(The necessary introduction)
An opening question: What is the biggest thing you can think of?
My mind (first and foremost) goes to mountains. They are so close around me, it seems natural. But there are bigger mountains than these. Everest is pretty big. Still, it’s not ocean big. And not Jupiter-big. Certainly not Sun-big, or Galaxy-big. And then there’s Universe-big. And for the geeky, Infinity-big.
Question two: What is the most powerful thing you can think of?
Lions. Bears. Blue Whales. Waterfalls. Tanks. Tornados. Missiles. Hurricanes. Nukes. Volcanoes. Gravity. The list goes on.
But there’s only one answer, really. And it is the same to both questions (and all of the others I cut out for the sake of brevity).
God is bigger. And more powerful. Than anything we can conceive of or grasp at. I have made the analogy before, and I shall make it again, that trying to comprehend Him is like tying to contain Niagara Falls in a little Dixie-cup.
Now this, I believe, is the best of starting places, and the briefest of introductions to bring me to the point of this post.
When we think of Christmas, what do we think of? Hopefully those of us with any form of Spiritual Meat on our Metaphorical Bones, can escape the smog of Santa and Trees and Traditions and such sentimentality as permeated our childhoods.
We think of Sweet Little Jesus Boy, Away in his Manger and furry-winged little angels (named Harold). We think of Naïve Nativities, cute little Marys and somewhat less cute Josephs, with the rosy-cheeked little Lord Jesus, smiling from his halo with a full head of hair and wide open eyes. (Yay! Donkeys! Sheep! Well-groomed Shepherds! A gift-giving plethora of multi-racial wise men!)
In the cases of most (at least in the case of myself), the images that come to mind are not the same as those listed above. Not mountains or oceans or galaxies, not waterfalls or volcanoes or explosions. Not universe-bigness and volcanic-power. Quaintness, maybe. That lilt of joy at the nostalgic arrival of Christmas again.
But bigness and power are what we should feel.
Try to imagine a Dixie-Cup, catching Niagara, containing it, every drop of its grandeur.
Impossible, of course.
But a feeding trough—and more precisely, the loaf-of-bread-sized-squirming-pink-newborn-in-his-exhausted-mother’s-arms—contained the fullness of God, the God who was bigger than a billion universes and more powerful than a billion bursting suns. And more precisely, the fullness of a Gracious Christ, on a mission to restore creation to what it was destined to be.
This is Christmas. Bigness and Power.
(Necessary intro complete.)
Christmas was not a whisper, a little candle in the dark.
Christmas is an explosion. A shattering of the world, of the universe, the fulfillment and unwinding of time in an instant, in a burst of heavenly light, in a declaration of war and peace. The heir to the Throne of the Universe set down his crown, put aside his glory, and stepped into the world. Infinity entered a womb. The King had declared his war, and now he came to rescue his enemies from the coming fire.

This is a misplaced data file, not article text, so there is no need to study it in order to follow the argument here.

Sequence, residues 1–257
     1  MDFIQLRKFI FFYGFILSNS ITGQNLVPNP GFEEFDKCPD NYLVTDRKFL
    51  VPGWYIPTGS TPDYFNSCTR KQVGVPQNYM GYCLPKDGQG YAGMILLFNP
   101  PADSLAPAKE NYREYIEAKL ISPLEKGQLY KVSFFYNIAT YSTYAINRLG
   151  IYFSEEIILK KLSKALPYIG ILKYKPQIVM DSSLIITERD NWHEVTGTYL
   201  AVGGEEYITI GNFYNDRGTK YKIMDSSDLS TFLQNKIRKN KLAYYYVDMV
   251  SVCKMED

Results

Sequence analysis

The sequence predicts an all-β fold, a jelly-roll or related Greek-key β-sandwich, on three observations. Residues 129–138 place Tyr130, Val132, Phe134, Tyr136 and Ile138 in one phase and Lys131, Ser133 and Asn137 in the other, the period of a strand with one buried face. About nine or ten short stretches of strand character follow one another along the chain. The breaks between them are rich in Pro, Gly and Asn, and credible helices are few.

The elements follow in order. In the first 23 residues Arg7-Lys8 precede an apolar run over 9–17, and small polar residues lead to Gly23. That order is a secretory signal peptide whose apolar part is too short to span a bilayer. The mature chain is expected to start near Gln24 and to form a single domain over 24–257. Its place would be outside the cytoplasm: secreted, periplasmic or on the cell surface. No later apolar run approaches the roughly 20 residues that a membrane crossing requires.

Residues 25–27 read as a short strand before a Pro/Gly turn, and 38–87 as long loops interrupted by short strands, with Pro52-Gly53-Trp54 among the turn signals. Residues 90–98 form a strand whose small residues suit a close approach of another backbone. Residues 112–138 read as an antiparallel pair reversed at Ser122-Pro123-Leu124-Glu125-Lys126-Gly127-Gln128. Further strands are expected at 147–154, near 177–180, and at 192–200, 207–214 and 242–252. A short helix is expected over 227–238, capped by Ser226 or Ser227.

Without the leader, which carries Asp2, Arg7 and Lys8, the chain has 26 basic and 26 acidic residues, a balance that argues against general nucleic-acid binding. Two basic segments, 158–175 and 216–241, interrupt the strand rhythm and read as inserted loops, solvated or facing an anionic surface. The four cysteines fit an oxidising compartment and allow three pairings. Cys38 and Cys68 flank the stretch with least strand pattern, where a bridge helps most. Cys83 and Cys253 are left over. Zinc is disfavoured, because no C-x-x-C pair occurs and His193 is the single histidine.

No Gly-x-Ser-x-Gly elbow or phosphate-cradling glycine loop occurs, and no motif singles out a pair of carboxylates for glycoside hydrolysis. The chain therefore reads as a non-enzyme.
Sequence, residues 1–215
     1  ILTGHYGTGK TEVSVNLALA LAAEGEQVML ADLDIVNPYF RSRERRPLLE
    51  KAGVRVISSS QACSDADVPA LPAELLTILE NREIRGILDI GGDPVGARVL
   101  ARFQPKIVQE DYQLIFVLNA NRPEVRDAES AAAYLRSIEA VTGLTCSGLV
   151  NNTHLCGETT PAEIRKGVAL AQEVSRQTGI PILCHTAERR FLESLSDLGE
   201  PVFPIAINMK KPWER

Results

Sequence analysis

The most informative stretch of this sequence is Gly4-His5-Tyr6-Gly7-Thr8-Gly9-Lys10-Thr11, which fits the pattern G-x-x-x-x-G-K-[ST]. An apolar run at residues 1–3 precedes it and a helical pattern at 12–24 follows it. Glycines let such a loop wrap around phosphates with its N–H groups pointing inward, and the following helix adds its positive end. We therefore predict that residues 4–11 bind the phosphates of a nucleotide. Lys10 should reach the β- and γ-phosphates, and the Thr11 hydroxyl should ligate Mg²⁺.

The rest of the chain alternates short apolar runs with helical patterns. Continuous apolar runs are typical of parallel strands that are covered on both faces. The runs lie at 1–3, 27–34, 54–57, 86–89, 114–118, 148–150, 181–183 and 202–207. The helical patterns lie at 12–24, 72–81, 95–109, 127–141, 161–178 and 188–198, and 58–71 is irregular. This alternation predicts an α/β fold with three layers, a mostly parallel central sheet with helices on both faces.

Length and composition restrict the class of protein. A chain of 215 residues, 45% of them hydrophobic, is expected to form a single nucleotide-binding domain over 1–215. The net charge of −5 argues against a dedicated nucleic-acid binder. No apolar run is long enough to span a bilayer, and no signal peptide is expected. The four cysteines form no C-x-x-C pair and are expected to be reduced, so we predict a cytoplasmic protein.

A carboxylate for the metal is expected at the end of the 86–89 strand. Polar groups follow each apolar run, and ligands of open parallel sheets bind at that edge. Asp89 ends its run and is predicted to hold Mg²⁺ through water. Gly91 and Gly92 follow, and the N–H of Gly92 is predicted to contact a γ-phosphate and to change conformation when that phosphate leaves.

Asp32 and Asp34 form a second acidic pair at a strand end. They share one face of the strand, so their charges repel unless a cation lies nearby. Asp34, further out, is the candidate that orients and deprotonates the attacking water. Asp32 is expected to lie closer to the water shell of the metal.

Jesus, all-powerful son, equal of the father, who saw the forge of the earth, is standing in the portal, the Keeper of the Gate between the past and the future. The First Son and the Last. He, who has stood before the fire and the water, before gravity was suspended in the void, who shall stand there still when it snaps, and the lights go out and a whisper of dust is all that’s left, he lies in wait. The time is coming for Grace to pounce, the invasion of earth, planned even before the earth existed.
And then the moment came; a whisper that spread through heaven, that trembled in the courtrooms of the most high. The time had come. The bells chimed, a clamor, the alarm.
And to the Son: It is time.
Time for the silence to end. For the storm to break. The fullness of time, in one explosion. He is the Epitaph of the Explosion, the eye of the hurricane. Time for the change.
Christmas is Ground Zero. D-Day.
The prophets cry out, and the earth rumbles. In the silence before the storm, the earth slumbers.
But the angels appear, and the sky trembles. Something is coming. Something that none understood, and none could stand in the face of. The end of the silence. A virgin is greeted by the most blessed of messengers, pregnant with the salvation of the universe.
The thunderheads rise, and they tingle in the back of every mind. So this is what Isaiah spoke of! Jeremiah! Hosea! What Moses could not have fully understood, what Abraham could not have dreamed! This was the Promise of God, so long awaited, so long forgotten. This was the New Morning.